Lea Wait, here, with a reminder: even if you live far from Maine, a Maine Crime Writer (or another author) can speak at your school, library, or book group. And no one will have to travel.
Authors of books for children have been making Skype classroom visits for some time now, so I was pulled into it early. Inviting an author to visit a school in person costs the school money (hard when so many school budgets have been cut in recent years) and costs the author writing time.
Visiting via Skype is one solution that brings students and authors together. No; it doesn’t replace “in person” school or library visits. But it’s often more viable, especially when the author lives across the country.
Down to details. I charge $700 + expenses for an all-day in-person visit to a school. (Many authors charge a lot more.) That day may include speaking to an auditorium full of students, or perhaps visiting several classrooms, or a combination of those possibilities. Sometimes I run a writing workshop or two. I often have lunch with selected students (and/or teachers,) and allow time to sign any books students or staff have purchased. I’ve found school visits are most rewarding for everyone involved if the students have read at least one of my books before I arrive. Often they and their teachers have prepared questions for me — I don’t need to see those in advance, but having a question planned encourages shy students to speak up.
What do I talk about? Although I’ve visited classrooms from kindergarten through college, most visits I make are to 4th through 8th grades. My books for young people are set in the 19th century, so I talk about the research I do, often bring “show and tell” artifacts and research sources to share, and answer questions about … anything. What happened to Abbie after the book ended? What did you have for breakfast? How many books have you published? Which is your favorite? How do you get an agent? How many children do you have? How much money do you make? No question is off limits — and I answer all honestly. I always make sure I talk about research (not just Goggle and Wikipedia) and editing (even published authors edit — a fact that often surprises children.)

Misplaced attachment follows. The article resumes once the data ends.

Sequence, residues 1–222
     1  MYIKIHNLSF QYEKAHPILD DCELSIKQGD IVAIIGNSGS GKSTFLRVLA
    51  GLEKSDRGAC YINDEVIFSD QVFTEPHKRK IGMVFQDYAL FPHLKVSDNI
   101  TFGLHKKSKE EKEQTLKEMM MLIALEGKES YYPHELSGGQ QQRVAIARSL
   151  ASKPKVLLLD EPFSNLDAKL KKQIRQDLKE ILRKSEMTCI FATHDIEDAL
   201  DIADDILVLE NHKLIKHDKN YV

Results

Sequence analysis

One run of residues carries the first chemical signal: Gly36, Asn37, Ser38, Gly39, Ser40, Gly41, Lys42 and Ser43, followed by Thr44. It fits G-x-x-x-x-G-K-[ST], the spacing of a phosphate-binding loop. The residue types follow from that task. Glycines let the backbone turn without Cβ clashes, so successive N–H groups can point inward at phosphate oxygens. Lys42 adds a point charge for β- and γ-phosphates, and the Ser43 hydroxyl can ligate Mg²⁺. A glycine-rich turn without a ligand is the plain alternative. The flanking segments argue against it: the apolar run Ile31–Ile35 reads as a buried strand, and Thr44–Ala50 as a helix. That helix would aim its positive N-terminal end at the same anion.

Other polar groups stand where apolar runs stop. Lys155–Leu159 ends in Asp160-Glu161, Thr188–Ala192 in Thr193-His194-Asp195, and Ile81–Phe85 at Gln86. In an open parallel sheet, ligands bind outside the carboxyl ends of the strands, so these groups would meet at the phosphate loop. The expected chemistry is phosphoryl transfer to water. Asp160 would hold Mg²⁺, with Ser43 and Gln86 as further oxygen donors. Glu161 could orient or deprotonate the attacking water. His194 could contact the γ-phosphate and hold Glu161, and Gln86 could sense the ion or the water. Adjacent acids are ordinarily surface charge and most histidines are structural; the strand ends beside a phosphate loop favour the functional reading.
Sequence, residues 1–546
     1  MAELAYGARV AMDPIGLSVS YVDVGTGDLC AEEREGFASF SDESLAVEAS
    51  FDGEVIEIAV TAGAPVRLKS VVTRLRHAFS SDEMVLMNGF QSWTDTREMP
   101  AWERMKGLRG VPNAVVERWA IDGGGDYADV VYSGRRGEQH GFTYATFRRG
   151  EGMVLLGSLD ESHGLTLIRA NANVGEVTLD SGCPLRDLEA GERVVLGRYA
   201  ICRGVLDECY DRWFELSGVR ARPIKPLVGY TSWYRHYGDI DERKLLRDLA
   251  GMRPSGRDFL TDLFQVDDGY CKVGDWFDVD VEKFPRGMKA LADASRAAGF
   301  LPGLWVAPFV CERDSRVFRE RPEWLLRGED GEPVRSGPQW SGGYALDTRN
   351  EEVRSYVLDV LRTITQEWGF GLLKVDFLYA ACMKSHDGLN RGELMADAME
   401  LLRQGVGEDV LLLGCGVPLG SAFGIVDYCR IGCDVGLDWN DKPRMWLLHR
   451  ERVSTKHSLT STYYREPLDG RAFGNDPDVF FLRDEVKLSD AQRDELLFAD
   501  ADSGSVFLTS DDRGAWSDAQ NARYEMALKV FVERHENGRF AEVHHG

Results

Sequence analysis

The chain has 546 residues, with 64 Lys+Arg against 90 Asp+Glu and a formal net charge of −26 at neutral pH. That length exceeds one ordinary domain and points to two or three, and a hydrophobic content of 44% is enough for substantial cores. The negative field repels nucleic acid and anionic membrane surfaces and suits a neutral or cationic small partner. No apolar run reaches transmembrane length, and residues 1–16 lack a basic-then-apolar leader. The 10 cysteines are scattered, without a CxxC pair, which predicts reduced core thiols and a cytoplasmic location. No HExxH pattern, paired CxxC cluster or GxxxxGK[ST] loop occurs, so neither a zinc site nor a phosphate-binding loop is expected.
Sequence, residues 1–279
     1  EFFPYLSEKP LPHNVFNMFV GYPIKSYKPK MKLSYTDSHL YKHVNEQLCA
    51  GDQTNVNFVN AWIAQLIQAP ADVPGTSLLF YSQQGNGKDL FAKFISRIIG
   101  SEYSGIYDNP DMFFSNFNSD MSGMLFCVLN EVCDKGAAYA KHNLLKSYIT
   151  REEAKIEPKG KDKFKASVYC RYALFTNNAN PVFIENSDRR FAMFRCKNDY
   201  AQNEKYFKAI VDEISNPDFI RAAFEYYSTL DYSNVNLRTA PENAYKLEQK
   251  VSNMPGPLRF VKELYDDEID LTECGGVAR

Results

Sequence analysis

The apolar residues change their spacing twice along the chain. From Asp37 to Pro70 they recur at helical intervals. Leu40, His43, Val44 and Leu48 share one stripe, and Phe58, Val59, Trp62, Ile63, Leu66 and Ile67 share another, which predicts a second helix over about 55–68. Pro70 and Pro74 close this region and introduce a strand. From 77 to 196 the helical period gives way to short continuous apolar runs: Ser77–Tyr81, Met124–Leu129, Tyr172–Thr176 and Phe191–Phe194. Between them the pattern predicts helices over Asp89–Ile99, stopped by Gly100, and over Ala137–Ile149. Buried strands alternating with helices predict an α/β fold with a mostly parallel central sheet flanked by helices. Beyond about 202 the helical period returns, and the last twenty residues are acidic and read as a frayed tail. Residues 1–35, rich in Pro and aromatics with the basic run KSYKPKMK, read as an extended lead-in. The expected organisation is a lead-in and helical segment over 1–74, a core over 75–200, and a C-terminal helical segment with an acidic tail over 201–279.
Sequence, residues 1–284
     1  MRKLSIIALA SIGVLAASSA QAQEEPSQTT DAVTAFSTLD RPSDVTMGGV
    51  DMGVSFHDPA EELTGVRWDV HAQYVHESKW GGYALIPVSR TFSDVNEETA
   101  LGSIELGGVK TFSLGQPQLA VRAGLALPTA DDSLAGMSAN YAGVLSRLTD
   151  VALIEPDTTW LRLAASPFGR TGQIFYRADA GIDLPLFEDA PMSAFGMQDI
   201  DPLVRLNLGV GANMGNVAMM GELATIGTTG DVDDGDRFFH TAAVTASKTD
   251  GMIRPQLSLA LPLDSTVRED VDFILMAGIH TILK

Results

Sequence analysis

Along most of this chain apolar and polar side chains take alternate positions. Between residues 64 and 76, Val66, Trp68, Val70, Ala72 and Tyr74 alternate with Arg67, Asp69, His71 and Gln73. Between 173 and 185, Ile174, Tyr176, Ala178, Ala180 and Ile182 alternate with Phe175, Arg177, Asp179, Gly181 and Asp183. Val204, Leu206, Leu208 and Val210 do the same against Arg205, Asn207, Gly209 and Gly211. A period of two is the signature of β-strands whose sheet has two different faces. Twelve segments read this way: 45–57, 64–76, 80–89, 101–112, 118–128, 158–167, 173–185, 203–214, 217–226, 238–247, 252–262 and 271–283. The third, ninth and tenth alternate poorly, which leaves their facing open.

If a school can’t afford to have me visit in person, I’ll visit via Skype for 15 minutes for free. If they’d like a longer time, or more visits, I charge a little for that. I can answer a lot of questions in 15 minutes.
But Skype visits aren’t just for schools. I’ve visited book groups and libraries via Skype, too. Basically, the same rules: 15 minutes for free, and a nominal amount for time over that. And it’s best if my audience has read at least one of my books first.
If you’re an author who’s thinking of doing Skype visits, here are a few suggestions:
1) Explain on your website what you will do, what you will charge for your time, and any special topics you can cover. If you’re interested in speaking with students, point out how your visit will support the curriculum.
2) Remind groups that your visit will be much more memorable if the audience is familiar with your books.
3) Don’t schedule more than three Skype visits per day. You do have to prepare yourself (and your work space) and being “on” can be exhausting.
4) Schedule a time at least a day ahead when you can connect (on Skype) with the person and place you’re visiting, to assure that all technical systems are working and that you’re in agreement on what is expected from the visit.
5) If you are charging for a visit, ask for the payment in advance.
6) Before the visit, send promotional materials to the school or library or book group to help them get excited about meeting you. After a visit, send a thank you note, and perhaps a picture or bookmarks, or some other gift.
If you’re the person or organization inviting an author, make sure you both agree as far in advance as possible on the basics: the date, the time, the length, and the content of the visit. Let the local parent organization (for a school) or newspaper (for a library) know of the author’s visit. Parents may want to purchase an author’s book in advance, or local readers may want to join you for the Skype visit. Request an invoice from the author, if appropriate, and ensure it is processed in advance. Don’t forget to reserve an appropriate room for the visit, and alert the technical staff about the visit to ensure you are prepared.
And — for both authors and readers – enjoy the visit!
Fascinating, Lea. I knew you did these visits but I didn’t really know how they worked. Thanks for sharing the details.
They’re really great fun, Kathy/Kaitlyn! Don’t take too much time .. and are a great way to connect with readers.
I’ve done Skype calls with book groups, but never anything else. They are better than days of travel for a relatively small event. Interesting to see how schools are doing it these days.